Communities, police gather to condemn terrorism
The Multicultural Communities Council of NSW and the Parramatta Police represented by Superintendent Wayne Cox held a solemn candlelight vigil on 14 October to pay their last respects to Curtis Cheng, who was brutally murdered as he walked out of the Police Headquarters building in Charles Street, Parramatta, on 2 October.
Present at the candle light vigil were Lord Mayor of Parramatta City Lord Mayor Clr Paul Garrard & Deputy Mayor Clr Bakous Makari, Geoff Lee MP, State member for Parramatta, Julie Owens MP Federal for Parramatta, Julia Finn MP Granville, Vic Alhadeff CEO NSW Jewish Board of Deputies, and representatives from CALD communities.
At the vigil, the Chair of MCC NSW Dr Tony Pun said, “Most of us do not know Curtis Cheng, but as he died, he became a symbol of our resolve to make our community, our society and our country, more secure and safe for all of us.”
“Many communities are present here this evening as a show of solidarity and also to add to their voice to combat mindless killing of innocent people by those who had been radicalised to commit murder in public. I also called it terrorism, because it put terror in my mind and spirit,” he added.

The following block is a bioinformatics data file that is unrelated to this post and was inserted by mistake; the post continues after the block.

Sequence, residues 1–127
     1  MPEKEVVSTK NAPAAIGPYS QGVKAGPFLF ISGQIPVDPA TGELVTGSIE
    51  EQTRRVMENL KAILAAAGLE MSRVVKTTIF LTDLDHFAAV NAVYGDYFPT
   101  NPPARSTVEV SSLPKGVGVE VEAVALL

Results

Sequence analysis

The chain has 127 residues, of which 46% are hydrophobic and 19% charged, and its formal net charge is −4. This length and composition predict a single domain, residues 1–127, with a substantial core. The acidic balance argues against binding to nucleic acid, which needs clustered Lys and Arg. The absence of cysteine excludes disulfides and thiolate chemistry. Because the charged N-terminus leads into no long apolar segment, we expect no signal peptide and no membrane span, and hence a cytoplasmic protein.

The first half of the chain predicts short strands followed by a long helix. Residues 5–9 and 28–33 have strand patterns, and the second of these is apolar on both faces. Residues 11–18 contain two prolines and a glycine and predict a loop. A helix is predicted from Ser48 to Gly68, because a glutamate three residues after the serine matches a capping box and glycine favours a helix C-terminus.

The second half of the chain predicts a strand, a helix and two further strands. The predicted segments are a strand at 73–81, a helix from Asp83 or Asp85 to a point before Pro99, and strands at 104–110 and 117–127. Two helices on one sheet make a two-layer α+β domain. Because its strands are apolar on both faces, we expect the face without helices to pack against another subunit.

Dr Pun also acknowledged the presence of the Chinese Australian community who come this evening to farewell one of their sons.
“There is a consensus of those present that the community should unite together and petition the NSW Government to review section 20D of the Anti-Discrimination Act and to ensure that people who preach or instigate violence are prosecuted. At the moment, the law as it stands is ineffective. In this, we gratefully acknowledged the presence of Vic Alhadeff CEO, NSW Jewish Board of Deputies who added a strong voice to our common goal,” he said.
“A stronger law is needed to combat extremism and for the safety and well-being of all Australian,” said Dr Pun, who expressed condolences to the Cheng Family, Alpha, Zilvia and Selian Cheng for the loss of their loved one, and to the Parramatta Police for the loss of a colleague.
The dignitaries took turns to address the gathering from various communities that had come together to pay their respects. Council board member and organizer Amarinder Bajwa said those gathered came from a range of ethnic backgrounds including Chinese, Indian and Pakistan.
“We wanted to show our solidarity and support for not only the police but also the family of Curtis Cheng,” he said.
Amarinder Bajwa said it was unfortunate that such a young life was lost in the incident because of radicalisation and that he wanted to show his support for police in their efforts to tackle the issue.